The fragrance of white tea is the feeling of existing in the mists that float over water…
— C. Joybell C.
White tea is known as one of the most delicate of teas. For white tea use is made of the young buds and the not yet fully unfolded first leaves of the tea plant (Camellia sinensis). The buds are still covered with fine white hairs, which explains the name "white" tea.
These new buds and leaves from the tea plant are picked by hand and then dried quickly and carefully so that the leaves don't oxidise as happens when making green and black tea. This minimal processing and low oxidation results in a refined and fresh tea. The longer tea leaves are exposed to oxygen (oxidation), the darker the leaves become and the deeper the flavor profile is developed.
The white tea we know today was first produced from the very first white tea plant varieties discovered in China's Fujian province in the 18th century: Da Bai and Da Hao. Today, many countries outside of China grow their own versions of white tea from other tea plant varieties.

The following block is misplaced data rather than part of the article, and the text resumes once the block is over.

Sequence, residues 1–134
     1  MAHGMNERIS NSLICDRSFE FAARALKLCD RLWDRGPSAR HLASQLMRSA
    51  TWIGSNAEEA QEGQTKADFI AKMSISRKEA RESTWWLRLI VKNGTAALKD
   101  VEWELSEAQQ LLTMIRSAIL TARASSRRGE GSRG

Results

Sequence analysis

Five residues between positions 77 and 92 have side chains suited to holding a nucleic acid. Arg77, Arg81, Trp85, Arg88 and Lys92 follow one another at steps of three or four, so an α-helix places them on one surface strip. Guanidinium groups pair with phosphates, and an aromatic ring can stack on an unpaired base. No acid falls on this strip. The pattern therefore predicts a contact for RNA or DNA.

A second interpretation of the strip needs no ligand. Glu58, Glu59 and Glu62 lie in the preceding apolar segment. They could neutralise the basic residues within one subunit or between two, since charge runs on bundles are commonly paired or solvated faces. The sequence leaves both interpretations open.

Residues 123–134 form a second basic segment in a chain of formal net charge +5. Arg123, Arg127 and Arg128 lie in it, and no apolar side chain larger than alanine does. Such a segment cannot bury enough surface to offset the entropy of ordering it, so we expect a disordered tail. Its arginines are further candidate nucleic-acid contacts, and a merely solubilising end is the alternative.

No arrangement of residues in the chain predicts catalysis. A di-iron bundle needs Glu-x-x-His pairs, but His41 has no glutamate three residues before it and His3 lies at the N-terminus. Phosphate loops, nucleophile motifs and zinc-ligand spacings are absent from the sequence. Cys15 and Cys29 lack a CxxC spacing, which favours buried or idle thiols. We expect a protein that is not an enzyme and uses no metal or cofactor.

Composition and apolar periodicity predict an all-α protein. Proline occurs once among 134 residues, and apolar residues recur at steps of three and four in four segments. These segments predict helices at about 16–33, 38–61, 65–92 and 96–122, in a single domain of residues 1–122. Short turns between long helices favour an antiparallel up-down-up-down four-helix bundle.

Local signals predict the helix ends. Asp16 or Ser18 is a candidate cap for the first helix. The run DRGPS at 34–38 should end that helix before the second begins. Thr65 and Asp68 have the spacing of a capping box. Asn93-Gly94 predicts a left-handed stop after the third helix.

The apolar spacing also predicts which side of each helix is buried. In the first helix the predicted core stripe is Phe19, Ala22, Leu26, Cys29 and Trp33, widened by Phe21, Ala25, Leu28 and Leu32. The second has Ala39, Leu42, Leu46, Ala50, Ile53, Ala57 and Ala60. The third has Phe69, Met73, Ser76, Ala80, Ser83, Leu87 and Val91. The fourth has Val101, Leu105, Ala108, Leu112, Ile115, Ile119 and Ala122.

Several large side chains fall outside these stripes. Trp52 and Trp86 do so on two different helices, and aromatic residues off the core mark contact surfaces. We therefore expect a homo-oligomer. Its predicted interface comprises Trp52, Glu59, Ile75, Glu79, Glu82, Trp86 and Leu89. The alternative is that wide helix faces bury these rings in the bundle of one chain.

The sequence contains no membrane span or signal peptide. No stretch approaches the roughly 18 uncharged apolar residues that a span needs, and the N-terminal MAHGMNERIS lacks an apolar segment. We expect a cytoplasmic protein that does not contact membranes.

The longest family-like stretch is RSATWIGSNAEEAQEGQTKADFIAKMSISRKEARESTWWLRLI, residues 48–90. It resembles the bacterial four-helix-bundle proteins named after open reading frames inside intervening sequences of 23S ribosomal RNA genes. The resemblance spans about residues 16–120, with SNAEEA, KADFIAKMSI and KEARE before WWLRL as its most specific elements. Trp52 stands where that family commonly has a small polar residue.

White tea has a subtle taste, slightly sweet and floral. Just like green tea, white tea is very healthy. For example, white tea contains even more polyphenols than green tea. Polyphenols are antioxidants that renew cells in the body. In addition, white tea contains fluoride which prevents tooth decay and the tea is low in caffeine.
Curious about the loose white tea that The Smallest House has in stock? Then we invite you to have a look at our collection.
Origins of White Tea
Unlike green tea, the origin of white tea is "fairly recent." Only in the 10th century N.C. tea came in vogue among the Song Dynasty in China. Since recent years, tea has become popular outside China.
Production of White Tea
White tea is made from the youngest buds of the Camellia Sinensis (tea plant). These buds are picked within 48 hours after they are formed. After this they are wilted and dried in the sun. This process is carried out only once a year. Hence, white tea is relatively expensive. The production of white tea takes place mainly in the Chinese province of Fujian.
Brewing tips for White tea
Like green tea, white tea can't cope well with too hot water. Too hot water can burn the tea leaves.
Water needs to be between 70 ºC - 80 ºC (158 °F - 176 °F) before it is poured over the tea leaves. For a number of white teas, the set temperature of the water is even lower. Please note the data sheet of the corresponding white tea!
The average brewing time for white tea is between 1 and 3 minutes.